An Open Access Review Journal Encouraging Critical Engagement with the Continuing Process of Inventing the Middle Ages

September 28, 2022

Glyn: Pumed Gainc y Mabinogi

Peredur Glyn, Pumed Gainc y Mabinogi (Talybont, Y Lolfa: 2022).

Reviewed by Simon Rodway (

The Four Branches of the Mabinogi, a collection of four medieval Welsh tales set in an imagined pre-Roman British past, have been a fruitful source of material for modern writers, both in Welsh and in English. They have inspired High Fantasy romps such as American author Lloyd Alexander’s children’s classic Chronicles of Prydain from the 1960s or the recent highly enjoyable Welsh-language Manawydan Jones by Alun Davies, also aimed at children. Other authors have transposed the characters and plot-lines to the modern world, notably Seren Press’s series New Stories from the Mabinogion, or the wonderful recent collection in Welsh Hen Chwedlau Newydd (‘New Old Tales’) which gives us powerful new perspectives on the stories of women from the Four Branches and other medieval texts by some of the best modern Welsh writers, including Angharad Tomos, Bethan Gwanas, Lleucu Roberts and Manon Steffan Ros. Similarly, the authors who contributed to The Mab, reimaginings of the stories for children, recently reviewed by Donna R. White for Medievally Speaking, update the texts for a modern audience, with mixed results.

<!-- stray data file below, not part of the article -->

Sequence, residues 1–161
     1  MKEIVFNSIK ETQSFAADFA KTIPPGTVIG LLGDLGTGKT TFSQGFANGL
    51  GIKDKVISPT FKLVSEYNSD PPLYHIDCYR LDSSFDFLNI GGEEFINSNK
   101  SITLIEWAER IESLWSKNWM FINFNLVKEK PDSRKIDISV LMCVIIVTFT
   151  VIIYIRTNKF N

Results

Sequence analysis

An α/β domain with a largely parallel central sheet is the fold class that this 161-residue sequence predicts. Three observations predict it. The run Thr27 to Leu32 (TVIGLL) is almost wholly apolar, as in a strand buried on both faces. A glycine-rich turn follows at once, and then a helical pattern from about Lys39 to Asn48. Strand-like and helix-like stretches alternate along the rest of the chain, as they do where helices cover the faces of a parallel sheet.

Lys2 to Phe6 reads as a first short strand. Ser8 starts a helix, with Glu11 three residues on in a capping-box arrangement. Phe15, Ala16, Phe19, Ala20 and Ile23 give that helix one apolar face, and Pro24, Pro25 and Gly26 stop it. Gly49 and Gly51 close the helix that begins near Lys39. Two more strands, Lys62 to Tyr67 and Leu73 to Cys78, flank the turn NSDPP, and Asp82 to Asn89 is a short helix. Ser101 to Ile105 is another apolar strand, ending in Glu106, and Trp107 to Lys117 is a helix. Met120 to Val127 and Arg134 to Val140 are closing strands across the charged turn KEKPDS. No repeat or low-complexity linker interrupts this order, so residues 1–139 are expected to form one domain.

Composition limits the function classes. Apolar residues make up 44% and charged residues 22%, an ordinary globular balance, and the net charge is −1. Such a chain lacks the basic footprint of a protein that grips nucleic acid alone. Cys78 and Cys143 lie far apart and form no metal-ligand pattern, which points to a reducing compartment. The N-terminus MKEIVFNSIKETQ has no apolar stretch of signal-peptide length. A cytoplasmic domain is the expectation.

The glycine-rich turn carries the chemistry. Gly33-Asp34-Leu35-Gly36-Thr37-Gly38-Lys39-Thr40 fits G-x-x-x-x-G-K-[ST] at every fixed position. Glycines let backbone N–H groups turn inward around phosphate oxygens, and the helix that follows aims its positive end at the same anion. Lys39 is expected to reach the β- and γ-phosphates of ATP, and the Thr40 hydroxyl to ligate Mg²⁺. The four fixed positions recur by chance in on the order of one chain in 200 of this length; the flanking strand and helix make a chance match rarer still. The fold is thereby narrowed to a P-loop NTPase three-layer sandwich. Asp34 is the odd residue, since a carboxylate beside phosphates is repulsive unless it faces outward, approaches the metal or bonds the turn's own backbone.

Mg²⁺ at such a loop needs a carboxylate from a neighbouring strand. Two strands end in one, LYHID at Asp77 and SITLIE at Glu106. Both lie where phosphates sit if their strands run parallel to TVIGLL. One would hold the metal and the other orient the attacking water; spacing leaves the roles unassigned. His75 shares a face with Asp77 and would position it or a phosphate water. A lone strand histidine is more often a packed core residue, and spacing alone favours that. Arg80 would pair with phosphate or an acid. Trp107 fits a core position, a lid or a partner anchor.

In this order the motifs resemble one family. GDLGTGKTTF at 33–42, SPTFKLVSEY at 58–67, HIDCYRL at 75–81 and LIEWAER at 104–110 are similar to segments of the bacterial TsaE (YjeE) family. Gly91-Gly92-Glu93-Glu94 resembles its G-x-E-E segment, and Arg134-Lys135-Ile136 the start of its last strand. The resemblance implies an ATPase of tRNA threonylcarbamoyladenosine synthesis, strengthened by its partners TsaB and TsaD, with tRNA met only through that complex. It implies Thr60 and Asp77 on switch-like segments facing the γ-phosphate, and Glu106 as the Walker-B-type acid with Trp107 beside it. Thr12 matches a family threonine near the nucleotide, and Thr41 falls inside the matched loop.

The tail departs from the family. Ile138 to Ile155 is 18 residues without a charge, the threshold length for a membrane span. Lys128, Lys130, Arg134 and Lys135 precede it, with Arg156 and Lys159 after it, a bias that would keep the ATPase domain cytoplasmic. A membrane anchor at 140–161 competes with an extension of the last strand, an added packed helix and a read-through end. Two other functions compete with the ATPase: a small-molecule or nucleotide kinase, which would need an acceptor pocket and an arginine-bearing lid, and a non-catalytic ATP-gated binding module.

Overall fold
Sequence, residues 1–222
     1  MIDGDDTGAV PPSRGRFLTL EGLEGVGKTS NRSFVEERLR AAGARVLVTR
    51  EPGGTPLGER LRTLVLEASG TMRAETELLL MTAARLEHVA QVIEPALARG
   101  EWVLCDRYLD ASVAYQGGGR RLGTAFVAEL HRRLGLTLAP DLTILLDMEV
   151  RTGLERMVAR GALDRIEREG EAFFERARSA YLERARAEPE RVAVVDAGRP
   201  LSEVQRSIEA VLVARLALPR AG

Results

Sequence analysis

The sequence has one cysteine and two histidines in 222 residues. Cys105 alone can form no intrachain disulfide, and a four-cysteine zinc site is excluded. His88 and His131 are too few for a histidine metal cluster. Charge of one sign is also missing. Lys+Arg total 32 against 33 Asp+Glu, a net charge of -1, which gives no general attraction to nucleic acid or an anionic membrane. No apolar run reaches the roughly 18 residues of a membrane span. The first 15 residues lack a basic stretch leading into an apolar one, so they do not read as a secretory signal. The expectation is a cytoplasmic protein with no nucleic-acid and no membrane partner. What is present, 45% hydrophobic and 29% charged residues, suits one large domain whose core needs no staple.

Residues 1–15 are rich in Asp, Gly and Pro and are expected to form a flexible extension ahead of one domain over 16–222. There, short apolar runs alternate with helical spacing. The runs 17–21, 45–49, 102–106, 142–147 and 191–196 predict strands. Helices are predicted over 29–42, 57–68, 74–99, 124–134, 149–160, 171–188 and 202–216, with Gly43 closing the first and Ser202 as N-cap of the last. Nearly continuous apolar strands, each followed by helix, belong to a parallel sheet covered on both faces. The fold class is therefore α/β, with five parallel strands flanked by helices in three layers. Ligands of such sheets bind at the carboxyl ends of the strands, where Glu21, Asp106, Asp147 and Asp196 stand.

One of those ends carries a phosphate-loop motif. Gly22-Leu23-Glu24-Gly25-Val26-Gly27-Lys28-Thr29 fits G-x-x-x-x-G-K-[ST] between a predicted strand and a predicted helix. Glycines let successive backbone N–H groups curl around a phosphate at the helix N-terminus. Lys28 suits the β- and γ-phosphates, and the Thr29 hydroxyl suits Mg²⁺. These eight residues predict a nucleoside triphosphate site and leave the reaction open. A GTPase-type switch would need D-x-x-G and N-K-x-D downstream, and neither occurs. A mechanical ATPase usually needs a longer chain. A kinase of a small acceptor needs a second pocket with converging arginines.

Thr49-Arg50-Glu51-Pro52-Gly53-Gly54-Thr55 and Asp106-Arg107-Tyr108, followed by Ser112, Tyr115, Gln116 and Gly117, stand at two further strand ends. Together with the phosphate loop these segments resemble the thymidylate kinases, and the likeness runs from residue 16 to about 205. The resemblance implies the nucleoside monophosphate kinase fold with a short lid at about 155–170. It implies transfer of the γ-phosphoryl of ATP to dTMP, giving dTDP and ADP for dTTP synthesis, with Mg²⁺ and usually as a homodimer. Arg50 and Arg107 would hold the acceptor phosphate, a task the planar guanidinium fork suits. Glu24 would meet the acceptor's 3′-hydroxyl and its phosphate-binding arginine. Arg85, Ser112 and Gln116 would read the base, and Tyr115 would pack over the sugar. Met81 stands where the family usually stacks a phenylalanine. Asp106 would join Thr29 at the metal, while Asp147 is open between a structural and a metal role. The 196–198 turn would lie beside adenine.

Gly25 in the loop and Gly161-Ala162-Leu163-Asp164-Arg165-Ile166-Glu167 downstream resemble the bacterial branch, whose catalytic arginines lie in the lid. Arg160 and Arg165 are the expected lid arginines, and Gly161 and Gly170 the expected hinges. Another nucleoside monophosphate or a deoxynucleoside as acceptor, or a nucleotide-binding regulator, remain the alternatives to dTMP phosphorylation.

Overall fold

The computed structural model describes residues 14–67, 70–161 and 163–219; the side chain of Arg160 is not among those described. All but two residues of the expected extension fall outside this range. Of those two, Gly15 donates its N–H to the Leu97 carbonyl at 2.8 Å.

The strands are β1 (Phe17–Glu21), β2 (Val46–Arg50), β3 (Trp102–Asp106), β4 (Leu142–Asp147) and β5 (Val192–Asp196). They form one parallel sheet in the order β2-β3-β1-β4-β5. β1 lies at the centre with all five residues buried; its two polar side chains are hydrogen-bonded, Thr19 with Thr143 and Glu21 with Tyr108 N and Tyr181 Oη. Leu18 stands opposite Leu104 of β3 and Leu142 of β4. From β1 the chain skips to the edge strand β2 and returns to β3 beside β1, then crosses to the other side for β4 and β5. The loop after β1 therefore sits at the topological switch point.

A recurring approach is to treat the stories as garbled myths whose protagonists are, in origin, pre-Christian gods. This has its genesis in scholarship from the late nineteenth century and the first half of the twentieth, influenced by comparative mythologists such as Max Müller, and taking its cue from the infamous pronouncement by Matthew Arnold in 1865:

The very first thing that strikes one, in reading the Mabinogion, is how evidently the mediæval story-teller is pillaging an antiquity of which he does not fully possess the secret; he is like a peasant building his hut on the site of Halicarnassus or Ephesus; he builds, but what he builds is full of materials of which he does not know the history, or knows by a glimmering tradition merely; ‑ stones ‘not of this building’, but of an older architecture, greater, cunninger, more majestical.